The number exceeds the English one by some margin, doesn’t it? And those players were vivacious in their bid to win the World Cup. This is clearly indicative of the fact that there are some hitches or snags with the blooming of English talents in the Premier League. Although, it’d be highly captivating to see whether the current crop of dazzling talents live up to the potential or stagnate, but this something which undermines our foundations.
We see players feature almost every week in the Premier League and some of them including Alex Oxlade Chamberlain and Raheem Sterling earn plaudits for themselves in every single game. In a general sense, here’s where the media plays its part. A player, not necessarily an emerging one leaves us chuffed to bits after a brilliant showing and the media starts to herald him as the ‘Next Someone’ and these sort of headlines start to dominate the back pages and the media outlets on the Internet. The pressure of delivering a tad bit of exhilarating performances starts to kill him from the inside and a fear of failure creeps in. That’s one reason why our current English side doesn’t feel courageous enough to do something out of the ordinary to grab a goal. They know that if it goes wrong, they’ll have to pay heed to some chin music. After all, the famously ‘infamous’ English media always needs some tidbits to chew upon. The bottleneck aged players gets adversely affected by this and as with Arsenal’s Kieran Gibbs, they get prone to injuries and these are the most unfortunate and destructing part of that age.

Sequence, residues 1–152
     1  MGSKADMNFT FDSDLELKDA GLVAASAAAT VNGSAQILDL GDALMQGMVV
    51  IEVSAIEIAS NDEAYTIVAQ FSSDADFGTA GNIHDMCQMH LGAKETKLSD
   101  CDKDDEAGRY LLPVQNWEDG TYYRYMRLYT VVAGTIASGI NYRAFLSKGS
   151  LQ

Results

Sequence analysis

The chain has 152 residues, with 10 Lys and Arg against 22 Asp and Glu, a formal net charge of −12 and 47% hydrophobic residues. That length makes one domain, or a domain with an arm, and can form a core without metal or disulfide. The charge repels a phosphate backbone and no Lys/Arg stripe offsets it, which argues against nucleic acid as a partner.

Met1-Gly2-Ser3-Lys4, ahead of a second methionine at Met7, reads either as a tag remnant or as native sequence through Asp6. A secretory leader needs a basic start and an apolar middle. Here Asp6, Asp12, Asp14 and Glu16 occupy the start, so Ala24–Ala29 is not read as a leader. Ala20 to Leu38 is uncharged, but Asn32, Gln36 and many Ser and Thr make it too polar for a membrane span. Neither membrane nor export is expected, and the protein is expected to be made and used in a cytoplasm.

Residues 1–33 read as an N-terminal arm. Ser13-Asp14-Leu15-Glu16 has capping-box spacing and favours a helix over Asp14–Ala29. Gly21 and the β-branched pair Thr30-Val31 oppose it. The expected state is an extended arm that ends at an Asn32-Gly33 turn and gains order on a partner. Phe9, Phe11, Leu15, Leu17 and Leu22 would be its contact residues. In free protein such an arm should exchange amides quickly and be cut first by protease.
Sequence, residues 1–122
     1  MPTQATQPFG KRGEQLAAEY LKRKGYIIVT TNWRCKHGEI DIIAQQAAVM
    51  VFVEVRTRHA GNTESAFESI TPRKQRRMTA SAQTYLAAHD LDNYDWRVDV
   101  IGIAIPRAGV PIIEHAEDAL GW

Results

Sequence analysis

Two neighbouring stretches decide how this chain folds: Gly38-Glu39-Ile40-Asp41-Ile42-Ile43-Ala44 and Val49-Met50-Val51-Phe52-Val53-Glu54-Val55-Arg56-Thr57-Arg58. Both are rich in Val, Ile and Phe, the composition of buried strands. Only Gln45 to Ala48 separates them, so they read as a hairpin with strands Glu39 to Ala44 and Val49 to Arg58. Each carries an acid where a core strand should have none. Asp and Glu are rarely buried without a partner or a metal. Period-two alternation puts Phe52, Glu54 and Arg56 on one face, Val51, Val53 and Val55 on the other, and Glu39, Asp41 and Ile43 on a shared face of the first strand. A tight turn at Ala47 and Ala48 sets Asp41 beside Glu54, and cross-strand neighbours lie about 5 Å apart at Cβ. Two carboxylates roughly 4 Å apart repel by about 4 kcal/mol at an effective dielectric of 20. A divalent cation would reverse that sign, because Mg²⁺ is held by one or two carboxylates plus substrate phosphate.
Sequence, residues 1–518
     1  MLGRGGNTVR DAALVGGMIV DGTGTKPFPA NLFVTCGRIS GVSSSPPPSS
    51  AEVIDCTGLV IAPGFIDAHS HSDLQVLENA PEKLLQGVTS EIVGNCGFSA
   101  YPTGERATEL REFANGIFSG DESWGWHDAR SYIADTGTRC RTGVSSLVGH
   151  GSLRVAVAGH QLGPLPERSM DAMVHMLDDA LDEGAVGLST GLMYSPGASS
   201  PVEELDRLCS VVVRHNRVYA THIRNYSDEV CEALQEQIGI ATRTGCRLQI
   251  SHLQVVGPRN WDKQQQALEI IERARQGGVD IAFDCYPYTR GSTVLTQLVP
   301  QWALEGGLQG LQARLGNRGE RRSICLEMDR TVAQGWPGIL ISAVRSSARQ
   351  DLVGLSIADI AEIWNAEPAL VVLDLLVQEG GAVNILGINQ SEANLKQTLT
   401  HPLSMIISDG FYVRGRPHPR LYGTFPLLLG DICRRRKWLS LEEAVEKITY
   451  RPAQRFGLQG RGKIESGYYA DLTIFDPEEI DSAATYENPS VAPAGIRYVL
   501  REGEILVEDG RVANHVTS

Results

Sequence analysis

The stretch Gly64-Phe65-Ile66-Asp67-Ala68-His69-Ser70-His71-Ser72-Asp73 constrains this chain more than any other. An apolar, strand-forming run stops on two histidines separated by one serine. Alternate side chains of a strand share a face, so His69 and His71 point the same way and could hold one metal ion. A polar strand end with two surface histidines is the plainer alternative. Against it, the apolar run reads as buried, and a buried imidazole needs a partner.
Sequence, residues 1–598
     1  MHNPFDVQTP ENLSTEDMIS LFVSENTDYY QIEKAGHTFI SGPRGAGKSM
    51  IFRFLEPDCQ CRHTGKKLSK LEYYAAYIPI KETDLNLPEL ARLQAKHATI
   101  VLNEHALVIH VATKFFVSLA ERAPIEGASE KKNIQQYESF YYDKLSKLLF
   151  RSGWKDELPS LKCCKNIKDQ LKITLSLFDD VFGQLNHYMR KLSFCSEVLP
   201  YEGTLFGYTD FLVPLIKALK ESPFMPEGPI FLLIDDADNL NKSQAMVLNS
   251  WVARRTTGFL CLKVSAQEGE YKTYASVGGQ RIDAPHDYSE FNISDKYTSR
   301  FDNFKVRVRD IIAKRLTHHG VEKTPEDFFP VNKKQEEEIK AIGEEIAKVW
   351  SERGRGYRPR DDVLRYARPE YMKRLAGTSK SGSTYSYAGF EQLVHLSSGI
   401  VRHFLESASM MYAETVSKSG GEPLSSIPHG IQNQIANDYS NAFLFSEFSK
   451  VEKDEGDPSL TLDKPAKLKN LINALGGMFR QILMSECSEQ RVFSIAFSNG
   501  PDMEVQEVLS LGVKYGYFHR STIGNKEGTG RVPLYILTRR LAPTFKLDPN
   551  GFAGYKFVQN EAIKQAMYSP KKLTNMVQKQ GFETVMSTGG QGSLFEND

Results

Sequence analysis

A long and hard Premier League season makes sure that the English players never get a decent period of rest from their schedule. And young players, being largely inexperienced are the first ones to get affected by this thing. And competing twice a week in a League as pacy and physical as the Premier League and then carrying the burden of a whole nation can knock the stuffing out of any player, let alone youngsters. And being the most entertaining and competitive league in the world, rivalries between clubs and tensions between players are sure to persist. And with the entry of foreign concepts and philosphies, players have varying and differing tendencies which, in turn become conflicting and they find it ever tougher to gel.
For Example, with Jose Mourinho at Chelsea, players from that part of London carry are acclimatized to adhering to a philosophy which is rather different to the philosophy which Arsene Wenger preaches at Arsenal or Mauricio Pochetinno preaches as Spurs. And on top of that, these top London or Merseyside or Manchester clubs never fail to have a pop at each other. We very well know how passionately the game is followed in the country and the sight of flying, ruthless tackles testify them inch perfectly. These things even serve as reasons as to why both Frank Lampard and Steve Gerrard constantly failed to play well together.
Although, its undoubted that both are exceptionally gifted exponents of the game but they’ve been taught entirely differently by their clubs to operate in a similar position in resembling ways. Lampard was moulded into more of that box to box player by Mourinho during his first stint as Chelsea while Gerrard was typical midfielder who possessed a shade everything, including his box-to-box mentality. But in a flat 4-4-2 shape the two central midfielders are supposed to be different kinds of players, one with a box to box tendency and the other with a holding mentality. The positions of these two were in conflict all due to this.